Over the last couple of weeks our customers have been experiencing a change in the look-and-feel of our product. If their feedback is any indication, this has been a very welcome improvement. Readers will notice that these modifications have now made their way to our public website.
It’s worth mentioning that we’ve wanted to make our product nicer-looking for a long time. Virtually every successful new product starts out as a prototype that matures into a more refined, streamlined offering as it makes its way into the hands of more users. And we’re all excited that our product has come far enough to deserve its shiny new clothes!
Figuring out when in the lifecycle of the product to endow it with a new design can be a challenge. Even cosmetic changes take real engineering time, which has to be balanced against developing or refining features and learning about what works and doesn’t work for our users. Since we are sensitive to user experience and the emotional impact a good design can deliver, we decided that once we had onboarded our designer, we could—and should—get to work on this. It was also reassuring to hear feedback from our users: that it’s important that the product they live in and rely on to organize their time be emotionally pleasing. We are happy that we are starting to fulfill that desire.
Our designer, Stephanie, came on board just a few months ago, and has done a great job getting up to speed in figuring out how to express Asana’s core values, not only in the way the application operates, but in the way it looks. The team got very excited to see her early mocks, but those static PNGs didn’t manage to do justice to how great the product feels now that we’ve actually implemented her changes. Stephanie collaborated with design agency Method to create an identity and logo that we think nicely capture the dependability and the ease the Asana brand represents.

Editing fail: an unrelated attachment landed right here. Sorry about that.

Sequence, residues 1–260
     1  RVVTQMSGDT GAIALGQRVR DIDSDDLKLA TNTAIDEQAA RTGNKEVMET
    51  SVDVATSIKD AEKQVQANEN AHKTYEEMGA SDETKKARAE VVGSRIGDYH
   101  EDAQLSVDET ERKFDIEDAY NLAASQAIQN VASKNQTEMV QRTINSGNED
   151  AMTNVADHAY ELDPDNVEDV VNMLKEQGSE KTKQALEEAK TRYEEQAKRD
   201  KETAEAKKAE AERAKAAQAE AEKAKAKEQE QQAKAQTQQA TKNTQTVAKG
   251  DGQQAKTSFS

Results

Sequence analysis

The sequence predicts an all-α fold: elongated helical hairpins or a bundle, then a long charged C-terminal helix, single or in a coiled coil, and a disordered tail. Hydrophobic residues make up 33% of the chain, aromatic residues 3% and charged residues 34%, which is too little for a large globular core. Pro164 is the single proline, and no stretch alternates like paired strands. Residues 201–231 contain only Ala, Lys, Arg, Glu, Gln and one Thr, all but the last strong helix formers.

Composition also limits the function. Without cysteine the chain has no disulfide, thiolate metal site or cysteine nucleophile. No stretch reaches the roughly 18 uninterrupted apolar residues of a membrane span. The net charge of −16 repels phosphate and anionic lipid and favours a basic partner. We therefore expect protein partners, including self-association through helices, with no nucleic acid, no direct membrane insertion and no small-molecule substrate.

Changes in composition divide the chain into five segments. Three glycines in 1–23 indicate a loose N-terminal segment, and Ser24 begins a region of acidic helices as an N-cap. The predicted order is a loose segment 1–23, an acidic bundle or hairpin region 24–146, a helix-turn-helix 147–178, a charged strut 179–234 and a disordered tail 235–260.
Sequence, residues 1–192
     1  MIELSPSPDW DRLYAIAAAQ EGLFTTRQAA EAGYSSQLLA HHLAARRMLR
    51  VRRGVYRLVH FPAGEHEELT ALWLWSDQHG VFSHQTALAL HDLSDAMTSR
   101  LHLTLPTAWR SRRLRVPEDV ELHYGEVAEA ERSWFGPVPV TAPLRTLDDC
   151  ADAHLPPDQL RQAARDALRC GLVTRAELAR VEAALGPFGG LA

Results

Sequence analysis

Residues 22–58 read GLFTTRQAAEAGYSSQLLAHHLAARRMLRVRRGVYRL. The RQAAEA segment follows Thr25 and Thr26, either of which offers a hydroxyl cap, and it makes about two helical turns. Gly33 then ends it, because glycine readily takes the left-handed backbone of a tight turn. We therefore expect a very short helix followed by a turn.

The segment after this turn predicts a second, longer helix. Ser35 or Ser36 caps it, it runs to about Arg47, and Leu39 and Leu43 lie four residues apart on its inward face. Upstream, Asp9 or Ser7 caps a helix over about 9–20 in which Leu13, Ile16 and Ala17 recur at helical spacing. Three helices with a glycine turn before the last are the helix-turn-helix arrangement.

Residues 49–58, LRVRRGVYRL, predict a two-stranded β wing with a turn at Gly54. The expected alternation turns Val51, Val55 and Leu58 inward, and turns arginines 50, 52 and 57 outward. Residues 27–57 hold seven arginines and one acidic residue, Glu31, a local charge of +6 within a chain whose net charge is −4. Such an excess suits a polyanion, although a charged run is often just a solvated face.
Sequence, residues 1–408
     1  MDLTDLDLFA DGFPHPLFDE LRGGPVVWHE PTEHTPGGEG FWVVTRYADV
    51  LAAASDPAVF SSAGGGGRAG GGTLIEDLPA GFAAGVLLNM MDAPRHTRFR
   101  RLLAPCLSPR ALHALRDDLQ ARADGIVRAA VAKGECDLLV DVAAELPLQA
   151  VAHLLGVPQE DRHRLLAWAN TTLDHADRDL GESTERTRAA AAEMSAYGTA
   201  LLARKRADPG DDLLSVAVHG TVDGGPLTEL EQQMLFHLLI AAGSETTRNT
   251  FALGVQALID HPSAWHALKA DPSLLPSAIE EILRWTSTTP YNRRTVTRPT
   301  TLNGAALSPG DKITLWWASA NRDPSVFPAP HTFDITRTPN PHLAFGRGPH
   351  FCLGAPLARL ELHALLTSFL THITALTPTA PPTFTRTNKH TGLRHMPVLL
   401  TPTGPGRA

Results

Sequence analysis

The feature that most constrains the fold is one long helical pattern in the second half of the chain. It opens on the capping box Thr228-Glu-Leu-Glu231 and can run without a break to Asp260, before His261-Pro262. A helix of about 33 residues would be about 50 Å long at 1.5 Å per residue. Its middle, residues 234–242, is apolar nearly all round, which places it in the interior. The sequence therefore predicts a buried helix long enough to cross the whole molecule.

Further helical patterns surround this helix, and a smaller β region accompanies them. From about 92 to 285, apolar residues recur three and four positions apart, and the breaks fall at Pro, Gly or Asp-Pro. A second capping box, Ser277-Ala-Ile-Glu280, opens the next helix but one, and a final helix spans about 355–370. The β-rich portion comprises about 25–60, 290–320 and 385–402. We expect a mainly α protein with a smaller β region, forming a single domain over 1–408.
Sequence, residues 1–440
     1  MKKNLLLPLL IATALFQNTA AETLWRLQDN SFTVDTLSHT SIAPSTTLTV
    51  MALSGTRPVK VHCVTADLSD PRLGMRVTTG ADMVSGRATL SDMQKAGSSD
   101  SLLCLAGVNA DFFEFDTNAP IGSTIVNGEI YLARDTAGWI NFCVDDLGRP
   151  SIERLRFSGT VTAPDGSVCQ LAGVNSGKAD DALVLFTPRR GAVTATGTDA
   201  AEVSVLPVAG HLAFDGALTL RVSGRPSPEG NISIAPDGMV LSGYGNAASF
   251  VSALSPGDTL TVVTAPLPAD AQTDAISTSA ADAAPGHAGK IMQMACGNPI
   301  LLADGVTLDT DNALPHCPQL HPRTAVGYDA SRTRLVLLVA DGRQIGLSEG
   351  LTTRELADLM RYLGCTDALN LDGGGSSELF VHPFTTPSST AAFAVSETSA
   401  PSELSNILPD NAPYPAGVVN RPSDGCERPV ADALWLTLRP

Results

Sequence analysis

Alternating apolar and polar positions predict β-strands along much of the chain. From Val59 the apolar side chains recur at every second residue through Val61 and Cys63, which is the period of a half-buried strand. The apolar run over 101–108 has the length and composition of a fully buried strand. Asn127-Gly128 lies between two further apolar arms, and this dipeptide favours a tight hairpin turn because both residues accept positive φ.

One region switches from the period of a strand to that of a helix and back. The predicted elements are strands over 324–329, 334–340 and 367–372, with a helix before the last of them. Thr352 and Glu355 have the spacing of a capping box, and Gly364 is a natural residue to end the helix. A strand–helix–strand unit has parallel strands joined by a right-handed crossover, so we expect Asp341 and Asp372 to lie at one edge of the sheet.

But once we had the new design and visual language firmly in mind, there remained a question: how do we implement this, and in what order do we make the changes?
We have divided the effort into two main phases. The first—which we have just completed—is basically a re-skinning of the product we already had, with a lot more careful attention to how all of the elements relate visually. There are new colors, styles, type, spacing, graphics, iconography. The next phase will involve layout and workflow changes, and some new features. Staging the work this way is useful because the re-skinning can stand on its own as a UX improvement, but the other changes address broader usability goals and would only make sense in the context of the new style and visual language.
When implementing the re-skinning we were again faced with a choice: should we ship incremental changes as we make them, or unveil the new design all at once? An unveiling would have been a lot more fun for us, but would have created engineering challenges that might have delayed its release (or that of unrelated features). So we drew upon our values of pragmatism and speed (and transparency!) not worrying that our users might see us in a half-dressed state. Indeed, watching the UI evolve day-by-day was exciting in its own way.
As we embrace the new year, we’d like to bid farewell to our prototype UI, be thankful for all the learning it facilitated, and welcome the new visual manifestation of our efforts. It’s going to be a great year for Asana and its users.